An increase in cocaine and homeless injections is behind a 10-fold increase in HIV infection among drug addicts in Glasgow, the research suggests.
The Glasgow city center epidemic is the largest in the UK in over 30 years.
The study, conducted between 2011 and 2018, involved nearly 4,000 people who injected drugs in Greater Glasgow and Clyde.
Between 2015 and 2017, over 100 new HIV cases were identified among drug addicts in the city.
Prior to this, the number of new cases among drug users across Scotland had "remained stable" at around 15 per year.
Scientists at Glasgow Caledonian University (GCU) stated that a seven-year study showed that the increase in injections and homelessness were key factors in the production of "a perfect HIV storm".
The dott. Andrew McAuley, senior researcher of blood borne viruses at GCU, stated that "there has been an extremely significant increase in the prevalence of HIV infection in the population of drug users in Glasgow".
He said this was "largely driven by an HIV epidemic first detected in 2015".
Dr. McAuley also said that the study, published in the Lancet HIV medical journal, supported those who support the creation of a safe room for drug use in central Glasgow.
He indicated more than nine out of 10 people diagnosed with HIV who are successfully engaged in treatment.
The dott. McAuley said: "The prevalence of HIV has been low and stable in this population after the major HIV outbreaks in the 1980s in Edinburgh and Dundee.
"However, the prevalence of HIV in Glasgow has increased 10-fold among people who use drugs in the last seven years, from just 1% to over 10% in the city center.
"The key factors for infection are an increase in cocaine and homeless injection.
"We also have a large population of people who inject themselves into public places in Glasgow at a time when HIV has resurfaced.
"A combination of these factors has created a perfect storm for rapid transmission of HIV among people who inject drugs in Glasgow."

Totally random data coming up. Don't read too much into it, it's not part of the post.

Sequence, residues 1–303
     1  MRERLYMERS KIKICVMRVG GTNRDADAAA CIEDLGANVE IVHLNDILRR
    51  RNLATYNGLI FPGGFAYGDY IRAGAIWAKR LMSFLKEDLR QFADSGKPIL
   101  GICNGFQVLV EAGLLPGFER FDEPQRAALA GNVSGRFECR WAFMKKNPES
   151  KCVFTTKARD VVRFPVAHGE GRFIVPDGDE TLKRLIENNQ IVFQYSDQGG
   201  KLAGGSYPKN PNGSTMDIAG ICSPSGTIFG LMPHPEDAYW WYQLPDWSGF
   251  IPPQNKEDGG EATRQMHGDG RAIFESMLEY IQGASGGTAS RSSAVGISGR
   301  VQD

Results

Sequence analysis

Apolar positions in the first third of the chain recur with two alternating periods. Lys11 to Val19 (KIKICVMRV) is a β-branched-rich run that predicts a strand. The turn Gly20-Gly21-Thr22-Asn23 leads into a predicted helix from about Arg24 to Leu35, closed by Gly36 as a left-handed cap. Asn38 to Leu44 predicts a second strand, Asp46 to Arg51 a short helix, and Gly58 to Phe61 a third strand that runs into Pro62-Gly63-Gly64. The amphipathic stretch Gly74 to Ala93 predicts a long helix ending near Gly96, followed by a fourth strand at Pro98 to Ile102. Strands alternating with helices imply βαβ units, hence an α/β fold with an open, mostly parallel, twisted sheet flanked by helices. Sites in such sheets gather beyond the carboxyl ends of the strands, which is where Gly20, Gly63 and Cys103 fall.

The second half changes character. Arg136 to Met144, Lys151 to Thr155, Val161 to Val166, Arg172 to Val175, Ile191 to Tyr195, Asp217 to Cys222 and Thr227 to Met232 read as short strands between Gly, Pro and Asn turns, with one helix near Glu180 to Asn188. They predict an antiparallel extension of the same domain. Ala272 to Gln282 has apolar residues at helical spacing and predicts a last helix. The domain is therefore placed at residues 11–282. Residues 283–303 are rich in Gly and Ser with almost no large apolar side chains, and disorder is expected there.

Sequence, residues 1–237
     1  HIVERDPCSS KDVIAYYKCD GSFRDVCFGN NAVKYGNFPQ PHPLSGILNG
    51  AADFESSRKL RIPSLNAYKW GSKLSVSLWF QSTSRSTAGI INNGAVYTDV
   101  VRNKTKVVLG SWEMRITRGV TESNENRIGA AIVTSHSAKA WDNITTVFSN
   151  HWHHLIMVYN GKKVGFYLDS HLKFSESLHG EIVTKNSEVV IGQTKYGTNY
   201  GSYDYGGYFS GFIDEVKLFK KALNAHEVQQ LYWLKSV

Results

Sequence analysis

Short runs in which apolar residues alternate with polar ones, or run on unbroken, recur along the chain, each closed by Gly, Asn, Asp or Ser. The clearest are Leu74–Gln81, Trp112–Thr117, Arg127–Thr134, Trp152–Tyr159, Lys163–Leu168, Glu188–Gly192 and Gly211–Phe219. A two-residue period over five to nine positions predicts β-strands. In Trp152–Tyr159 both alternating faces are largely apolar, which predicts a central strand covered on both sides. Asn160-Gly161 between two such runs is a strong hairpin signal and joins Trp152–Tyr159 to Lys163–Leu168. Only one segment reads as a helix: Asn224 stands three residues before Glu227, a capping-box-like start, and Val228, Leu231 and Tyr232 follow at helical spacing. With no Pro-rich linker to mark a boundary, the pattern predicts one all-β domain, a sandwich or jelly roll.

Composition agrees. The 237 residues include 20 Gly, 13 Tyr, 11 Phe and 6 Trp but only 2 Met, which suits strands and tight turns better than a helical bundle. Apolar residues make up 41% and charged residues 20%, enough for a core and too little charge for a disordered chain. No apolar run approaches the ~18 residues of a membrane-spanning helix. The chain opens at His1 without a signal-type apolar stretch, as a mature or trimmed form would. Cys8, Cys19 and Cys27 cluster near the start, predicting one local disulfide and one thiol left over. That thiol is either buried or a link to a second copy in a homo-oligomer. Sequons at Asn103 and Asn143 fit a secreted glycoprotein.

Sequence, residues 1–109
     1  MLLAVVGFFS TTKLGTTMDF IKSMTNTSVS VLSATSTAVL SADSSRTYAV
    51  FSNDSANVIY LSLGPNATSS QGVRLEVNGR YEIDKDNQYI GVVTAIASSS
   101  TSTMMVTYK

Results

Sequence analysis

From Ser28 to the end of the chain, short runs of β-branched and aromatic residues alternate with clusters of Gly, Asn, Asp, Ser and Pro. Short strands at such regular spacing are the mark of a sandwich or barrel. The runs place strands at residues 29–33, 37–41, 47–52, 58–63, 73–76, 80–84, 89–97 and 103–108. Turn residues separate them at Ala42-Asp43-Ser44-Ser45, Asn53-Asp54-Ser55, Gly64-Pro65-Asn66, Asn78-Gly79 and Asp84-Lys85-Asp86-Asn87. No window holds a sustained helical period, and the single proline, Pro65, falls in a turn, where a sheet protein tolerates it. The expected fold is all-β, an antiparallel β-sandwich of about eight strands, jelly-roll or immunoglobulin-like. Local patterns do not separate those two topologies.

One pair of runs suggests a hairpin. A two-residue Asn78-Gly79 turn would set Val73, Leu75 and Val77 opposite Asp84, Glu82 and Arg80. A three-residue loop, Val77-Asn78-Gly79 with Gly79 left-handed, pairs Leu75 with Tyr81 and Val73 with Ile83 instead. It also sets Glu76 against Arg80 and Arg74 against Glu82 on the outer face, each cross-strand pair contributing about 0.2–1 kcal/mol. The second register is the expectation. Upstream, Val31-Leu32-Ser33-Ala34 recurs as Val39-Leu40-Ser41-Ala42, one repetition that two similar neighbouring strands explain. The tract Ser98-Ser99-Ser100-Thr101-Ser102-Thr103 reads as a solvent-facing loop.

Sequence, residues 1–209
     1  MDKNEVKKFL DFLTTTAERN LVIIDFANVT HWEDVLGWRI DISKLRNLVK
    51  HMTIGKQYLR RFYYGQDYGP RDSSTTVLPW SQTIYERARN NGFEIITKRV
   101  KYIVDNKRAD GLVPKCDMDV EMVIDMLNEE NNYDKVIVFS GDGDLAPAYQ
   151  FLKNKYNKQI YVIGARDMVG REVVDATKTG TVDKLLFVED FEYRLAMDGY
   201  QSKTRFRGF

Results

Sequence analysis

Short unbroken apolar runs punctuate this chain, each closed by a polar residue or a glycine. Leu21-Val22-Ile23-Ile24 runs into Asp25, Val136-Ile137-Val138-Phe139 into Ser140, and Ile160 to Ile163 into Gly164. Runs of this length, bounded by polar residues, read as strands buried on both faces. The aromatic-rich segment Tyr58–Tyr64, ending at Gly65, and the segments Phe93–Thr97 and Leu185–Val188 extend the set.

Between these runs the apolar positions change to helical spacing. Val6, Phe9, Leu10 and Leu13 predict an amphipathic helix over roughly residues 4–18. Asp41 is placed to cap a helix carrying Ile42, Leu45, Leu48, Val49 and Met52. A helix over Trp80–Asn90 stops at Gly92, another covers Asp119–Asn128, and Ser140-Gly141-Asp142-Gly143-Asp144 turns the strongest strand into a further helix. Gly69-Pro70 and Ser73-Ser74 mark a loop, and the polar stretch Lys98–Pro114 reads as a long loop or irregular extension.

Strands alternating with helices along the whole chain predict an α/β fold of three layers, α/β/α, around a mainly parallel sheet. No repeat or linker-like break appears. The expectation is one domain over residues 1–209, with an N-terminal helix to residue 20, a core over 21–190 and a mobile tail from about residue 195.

The research, conducted in collaboration with NHS Greater Glasgow and Clyde and the University of Western Scotland, found that the number of drug addicts with HIV increased from one in 87 in 2011-12 to 25 out of 231 in 2017-18.
The proportion of infected users increased from 1.1% to 10.8%.
The HIV epidemic in Glasgow has occurred "despite the existence of a global harm reduction environment," the research noted.
He pointed out that over a million clean needles and syringes are distributed every year among drug injectors.
The dott. McAuley said the research "provides additional justification for interventions such as the proposed drug use hall and heroin treatment services in Glasgow."
He added: "Basically, over 90% of people diagnosed as part of the epidemic have been successfully involved in the treatment of HIV as a result of the multidisciplinary response implemented by the health council."
The partnership for health and social welfare in Glasgow (HSCP), which supports the opening of a "safe" injection room, welcomed the results of the study.
Susanne Millar, the body's chief officer for strategy and operations, said she provided "more credible evidence to look beyond current methods to help this very vulnerable group."
He added: "We plan to open a facility for the treatment of heroin in Glasgow at the end of the year, which will also benefit the users of heroin who inject cocaine, one of the groups most at risk of transmitting HIV" .